• I returned to Book Two! And by that, I mean I reread those notes on blindness, felt hopelessly adrift, decided that maybe I should be doing something altogether different, and then went to Target in the middle of the afternoon on a Thursday.

That’s probably not the bullet list Ali is looking for. But I guaran-frickin-tee you that everyone who ever stared into the abyss that is a large project, to be completed solo, can make a similar list, take or leave a few otters.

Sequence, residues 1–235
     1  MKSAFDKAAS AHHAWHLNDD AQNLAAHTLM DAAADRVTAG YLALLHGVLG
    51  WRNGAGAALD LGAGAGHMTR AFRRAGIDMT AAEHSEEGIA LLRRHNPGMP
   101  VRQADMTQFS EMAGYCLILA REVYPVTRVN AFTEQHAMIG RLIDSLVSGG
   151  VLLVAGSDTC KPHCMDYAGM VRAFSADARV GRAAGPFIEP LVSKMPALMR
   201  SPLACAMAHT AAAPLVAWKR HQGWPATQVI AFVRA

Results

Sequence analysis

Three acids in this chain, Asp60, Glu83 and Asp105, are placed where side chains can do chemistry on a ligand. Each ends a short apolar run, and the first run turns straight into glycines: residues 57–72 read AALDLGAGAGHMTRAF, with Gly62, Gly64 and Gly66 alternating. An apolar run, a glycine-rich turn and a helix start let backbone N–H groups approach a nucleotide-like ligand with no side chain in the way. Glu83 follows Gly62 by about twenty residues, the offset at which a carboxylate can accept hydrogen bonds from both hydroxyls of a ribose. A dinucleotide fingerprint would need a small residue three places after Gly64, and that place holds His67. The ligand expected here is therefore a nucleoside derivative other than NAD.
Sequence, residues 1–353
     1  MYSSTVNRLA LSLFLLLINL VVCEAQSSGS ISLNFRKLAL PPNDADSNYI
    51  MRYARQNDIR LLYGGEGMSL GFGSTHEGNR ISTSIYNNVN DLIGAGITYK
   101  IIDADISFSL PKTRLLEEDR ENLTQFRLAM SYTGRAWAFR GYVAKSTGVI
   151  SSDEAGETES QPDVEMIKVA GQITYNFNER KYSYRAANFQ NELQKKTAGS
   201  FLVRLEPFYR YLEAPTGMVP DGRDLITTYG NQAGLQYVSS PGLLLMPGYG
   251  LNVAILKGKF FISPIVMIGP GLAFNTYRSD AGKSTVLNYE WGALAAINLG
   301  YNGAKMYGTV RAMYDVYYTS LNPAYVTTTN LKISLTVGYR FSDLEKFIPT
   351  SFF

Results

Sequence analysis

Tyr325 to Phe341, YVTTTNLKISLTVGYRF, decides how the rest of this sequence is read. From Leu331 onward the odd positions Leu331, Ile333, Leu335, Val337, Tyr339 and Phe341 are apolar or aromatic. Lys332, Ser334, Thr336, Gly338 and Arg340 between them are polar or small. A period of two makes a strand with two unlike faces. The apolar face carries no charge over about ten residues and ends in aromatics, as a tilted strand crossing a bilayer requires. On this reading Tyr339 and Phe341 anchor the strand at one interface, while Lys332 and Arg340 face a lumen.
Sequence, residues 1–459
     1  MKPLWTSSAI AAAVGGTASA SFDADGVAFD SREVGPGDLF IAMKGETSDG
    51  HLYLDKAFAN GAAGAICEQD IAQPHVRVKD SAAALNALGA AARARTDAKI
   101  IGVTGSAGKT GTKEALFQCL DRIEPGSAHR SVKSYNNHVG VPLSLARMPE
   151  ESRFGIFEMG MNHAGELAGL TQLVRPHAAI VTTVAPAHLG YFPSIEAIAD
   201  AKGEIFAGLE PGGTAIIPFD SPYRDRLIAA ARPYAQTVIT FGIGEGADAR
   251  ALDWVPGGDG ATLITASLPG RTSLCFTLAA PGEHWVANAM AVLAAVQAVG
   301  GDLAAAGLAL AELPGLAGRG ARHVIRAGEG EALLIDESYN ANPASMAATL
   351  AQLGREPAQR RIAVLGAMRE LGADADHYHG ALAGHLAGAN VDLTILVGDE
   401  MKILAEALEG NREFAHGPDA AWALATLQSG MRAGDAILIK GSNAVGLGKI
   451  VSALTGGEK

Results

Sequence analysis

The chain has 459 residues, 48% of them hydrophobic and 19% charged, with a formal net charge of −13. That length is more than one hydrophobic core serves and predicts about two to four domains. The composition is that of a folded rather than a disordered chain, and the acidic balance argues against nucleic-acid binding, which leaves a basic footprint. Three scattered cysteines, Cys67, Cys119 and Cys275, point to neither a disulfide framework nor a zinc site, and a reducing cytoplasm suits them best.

But I learned two things when contemplating what felt like a failed summer working on Book Two. One is relevant to Ali’s question, and I’ll get to that in a moment. But first: I learned that I just cannot escape the stupid posturing that is the standard behavior of the end-of-August academic. How was your summer? Oh, too short. I didn’t get nearly enough done. UGH. FAKE NEWS. While I did, indeed, practice every form of procrastination listed above and then some, that list is also incomplete and misleading. The weekend before classes started, I sat down and wrote a list of everything I accomplished over the summer, personal and professional, and I was surprised about what my brain tended to leave off the list. Like submitting tenure materials. And establishing a morning routine that didn’t send me into a stress spiral by 9 am. The gravitational pull of the unproductive summer narrative is so powerful in the halls of our colleges and universities that it will warp the facts. When someone asks you about your summer, otter videos will fill your head. You’ll discount the important days of reflection and tentative writing. You will slump under the weight of the publication that didn’t appear on your CV.